It’s likely to be the new normal:
“It really is unusually early for patients to be this miserable,” says Derek Johnson, medical director of the Fairfax Allergy, Asthma and Sinus Clinic. “The mild winter has resulted in very high pollen levels in February and early March, when they’re typically very low or negligible.” In fact, he points out that tree pollen counts on Feb. 23 were 365 grains per cubic meter, compared with a mere 2.88 a year before. He also notes that because it has been so sunny and warm in the past few months, people have spent more time outside, increasing their exposure to such allergens.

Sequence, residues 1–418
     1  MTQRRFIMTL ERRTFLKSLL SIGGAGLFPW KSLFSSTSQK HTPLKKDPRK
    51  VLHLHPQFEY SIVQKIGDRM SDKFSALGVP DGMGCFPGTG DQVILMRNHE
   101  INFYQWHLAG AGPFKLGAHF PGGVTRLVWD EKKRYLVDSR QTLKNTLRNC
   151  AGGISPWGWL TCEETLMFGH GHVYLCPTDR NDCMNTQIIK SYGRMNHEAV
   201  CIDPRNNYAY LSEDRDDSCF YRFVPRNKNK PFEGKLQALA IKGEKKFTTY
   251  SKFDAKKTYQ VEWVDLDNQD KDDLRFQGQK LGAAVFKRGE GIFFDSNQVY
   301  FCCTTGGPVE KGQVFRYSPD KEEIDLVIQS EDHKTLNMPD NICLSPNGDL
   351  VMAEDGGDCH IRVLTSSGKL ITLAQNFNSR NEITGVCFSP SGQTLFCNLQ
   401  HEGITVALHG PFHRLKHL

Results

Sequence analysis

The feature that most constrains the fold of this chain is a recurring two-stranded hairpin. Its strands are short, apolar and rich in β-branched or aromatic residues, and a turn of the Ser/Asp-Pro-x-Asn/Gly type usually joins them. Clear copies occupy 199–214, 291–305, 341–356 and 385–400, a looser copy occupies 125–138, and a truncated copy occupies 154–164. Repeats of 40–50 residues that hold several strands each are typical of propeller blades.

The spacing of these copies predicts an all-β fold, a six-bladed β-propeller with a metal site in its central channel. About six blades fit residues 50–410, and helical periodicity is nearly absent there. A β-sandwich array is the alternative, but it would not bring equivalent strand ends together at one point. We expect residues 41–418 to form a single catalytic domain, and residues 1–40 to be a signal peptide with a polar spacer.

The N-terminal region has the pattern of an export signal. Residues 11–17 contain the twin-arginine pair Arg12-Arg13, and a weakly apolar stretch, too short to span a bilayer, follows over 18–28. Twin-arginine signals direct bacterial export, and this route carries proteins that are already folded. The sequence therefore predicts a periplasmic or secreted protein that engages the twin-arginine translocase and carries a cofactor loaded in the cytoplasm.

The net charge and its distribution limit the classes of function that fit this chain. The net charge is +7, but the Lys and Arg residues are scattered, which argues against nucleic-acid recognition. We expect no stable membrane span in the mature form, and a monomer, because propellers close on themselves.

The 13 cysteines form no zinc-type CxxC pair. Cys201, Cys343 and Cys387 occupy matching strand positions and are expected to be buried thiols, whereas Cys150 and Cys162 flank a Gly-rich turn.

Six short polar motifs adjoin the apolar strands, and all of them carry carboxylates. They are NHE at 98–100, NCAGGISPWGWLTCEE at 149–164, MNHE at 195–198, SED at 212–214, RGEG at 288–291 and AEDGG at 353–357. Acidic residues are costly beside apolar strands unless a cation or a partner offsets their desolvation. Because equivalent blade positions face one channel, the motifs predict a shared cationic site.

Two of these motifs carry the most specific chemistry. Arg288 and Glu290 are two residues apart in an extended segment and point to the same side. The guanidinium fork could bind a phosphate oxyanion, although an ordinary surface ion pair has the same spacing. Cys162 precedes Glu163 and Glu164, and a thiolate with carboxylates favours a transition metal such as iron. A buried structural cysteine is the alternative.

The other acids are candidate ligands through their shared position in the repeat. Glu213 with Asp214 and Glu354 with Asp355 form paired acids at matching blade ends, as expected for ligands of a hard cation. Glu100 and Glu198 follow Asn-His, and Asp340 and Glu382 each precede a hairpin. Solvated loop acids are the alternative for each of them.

The weather from here on out can change things, but all of the experts I spoke with say they expect the untimely effects to linger. “In past years, we’ve had a very compact, heavy-hitting allergy season, but this is shaping up to be a long slog,” says Gaithersburg allergist Jackie Eghrari-Sabet, who explains that while evergreen trees, such as cedar, cypress and juniper, have budded prematurely, other species will likely bloom at their regular pace, leading to “more of a slow, grand parade” between now and late April to early May, when pollen counts typically peak. “It’s not like because it started early it’s going to end early.”